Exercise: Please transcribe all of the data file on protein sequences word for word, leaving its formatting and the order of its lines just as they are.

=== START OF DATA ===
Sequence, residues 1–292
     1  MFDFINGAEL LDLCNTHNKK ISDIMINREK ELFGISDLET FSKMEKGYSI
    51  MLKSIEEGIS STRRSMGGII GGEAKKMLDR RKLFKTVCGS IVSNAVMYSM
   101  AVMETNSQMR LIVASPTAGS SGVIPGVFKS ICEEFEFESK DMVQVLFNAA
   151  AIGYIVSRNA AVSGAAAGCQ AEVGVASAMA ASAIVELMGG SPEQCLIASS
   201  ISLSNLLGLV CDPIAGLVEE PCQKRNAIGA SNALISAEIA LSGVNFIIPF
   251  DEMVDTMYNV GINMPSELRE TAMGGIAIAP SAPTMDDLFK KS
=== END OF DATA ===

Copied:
Sequence, residues 1–292
     1  MFDFINGAEL LDLCNTHNKK ISDIMINREK ELFGISDLET FSKMEKGYSI
    51  MLKSIEEGIS STRRSMGGII GGEAKKMLDR RKLFKTVCGS IVSNAVMYSM
   101  AVMETNSQMR LIVASPTAGS SGVIPGVFKS ICEEFEFESK DMVQVLFNAA
   151  AIGYIVSRNA AVSGAAAGCQ AEVGVASAMA ASAIVELMGG SPEQCLIASS
   201  ISLSNLLGLV CDPIAGLVEE PCQKRNAIGA SNALISAEIA LSGVNFIIPF
   251  DEMVDTMYNV GINMPSELRE TAMGGIAIAP SAPTMDDLFK KS